I would not care that much about the current abortion debate. Frankly, it depresses me a bit. There are good, legitimate reasons to be against abortion. I am pro-choice, but I do have some serious reservations when abortion is taken as if it was a common contraceptive. This is not an entry about abortion, but it has been triggered by the current UK debate on abortion. Two days ago, I watched a documentary about the growing influence of fundamentalist Christians in the UK. As you know from my previous entry in French, this documentary made me angry, angry enough to compare Christianism (or to be fair), this particular, narrow-minded view of Christianism, as a cancer. Like a cancer, it devours the body it inhabits.
The last straw for me was not the incendiary comments of the believers themselves (all nations have their fair share of fanatics, and even in secular Québec we have a handful of Jesus freaks), but the influences some of them have. We saw Nadine Dorries, a tory MP, having her policies on abortion dictated by Andrea Williams, a proheminent Christian fundie. I insist, not merely influenced, dictated. Williams is not elected, mind you, she is just a lobbyist of a particular ideology. Not the most honourable one, but never mind. Why the Hell was an MP taking her cues from a lobbyist, especially that type? The next day, Mrs. Dorries denied she was a fundamentalist on her blog. Well, either she is one, either she is the puppet of fundies, which, in the end is the same. Either way, she is a coward.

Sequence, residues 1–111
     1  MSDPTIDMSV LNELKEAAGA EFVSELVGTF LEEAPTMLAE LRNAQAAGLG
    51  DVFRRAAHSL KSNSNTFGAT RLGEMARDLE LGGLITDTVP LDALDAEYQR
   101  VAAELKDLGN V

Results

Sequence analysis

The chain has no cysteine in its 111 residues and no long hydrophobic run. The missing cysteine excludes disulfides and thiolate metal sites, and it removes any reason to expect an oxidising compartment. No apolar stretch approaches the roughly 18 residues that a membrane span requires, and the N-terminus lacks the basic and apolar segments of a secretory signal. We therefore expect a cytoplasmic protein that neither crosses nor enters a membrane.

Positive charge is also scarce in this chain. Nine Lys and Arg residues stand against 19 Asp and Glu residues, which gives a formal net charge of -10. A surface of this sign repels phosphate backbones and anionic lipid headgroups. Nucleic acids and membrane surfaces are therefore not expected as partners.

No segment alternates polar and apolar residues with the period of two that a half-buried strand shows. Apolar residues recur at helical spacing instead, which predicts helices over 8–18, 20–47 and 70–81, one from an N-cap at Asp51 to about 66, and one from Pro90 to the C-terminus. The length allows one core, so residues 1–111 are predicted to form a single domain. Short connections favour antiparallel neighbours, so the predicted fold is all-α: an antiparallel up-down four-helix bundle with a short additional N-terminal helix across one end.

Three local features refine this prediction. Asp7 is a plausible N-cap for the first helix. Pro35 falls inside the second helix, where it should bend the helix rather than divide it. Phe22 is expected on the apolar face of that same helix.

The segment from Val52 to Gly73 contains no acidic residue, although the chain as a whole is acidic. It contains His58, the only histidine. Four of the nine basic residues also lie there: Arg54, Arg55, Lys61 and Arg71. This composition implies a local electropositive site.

Now, let me get this straight. Nadine Dorries has the right to believe in God. She has the right to pray. She has the right to be a strong, staunch Anglican. She has the right, even, to defend a particular view of Christianism, as rigid as she wishes. But as an elected member of Parliament, she has a duty to keep her Christian faith away when it is time to take political decisions. Because she was not elected as a Christian, because the decisions she takes, the policies she defends do not affect Heavens, but the cititzens of the UK, she has to do what she thinks is best for them, all of them, at the best of her knowledge. We don't know if God exists, we know even less of his intentions, therefore one cannot be dictated by a particular vision of God to act and speak as an elected body in a democracy. God was not elected an MP for mid-Bedfordshire neither was Mrs Williams! Nadine Dorries should leave her God, her faith at the door of the Parliament. She obviously didn't do this, she didn't even seem to care. She decided to betray her duty, she parroted her fundie friends in Parliament (of all places!) and then jumped and covered when things got too heated, hiding (again!) behind her faith. There's two reasons to be angry, right there. Thank God (bad pun I know), the blogosphere seems to have taken on her and are reacting to what is, in effect, a hijacking of democracy.
Anyway, that was my two cents on this...
Wednesday, 21 May 2008
Fundamentalism as a cancer
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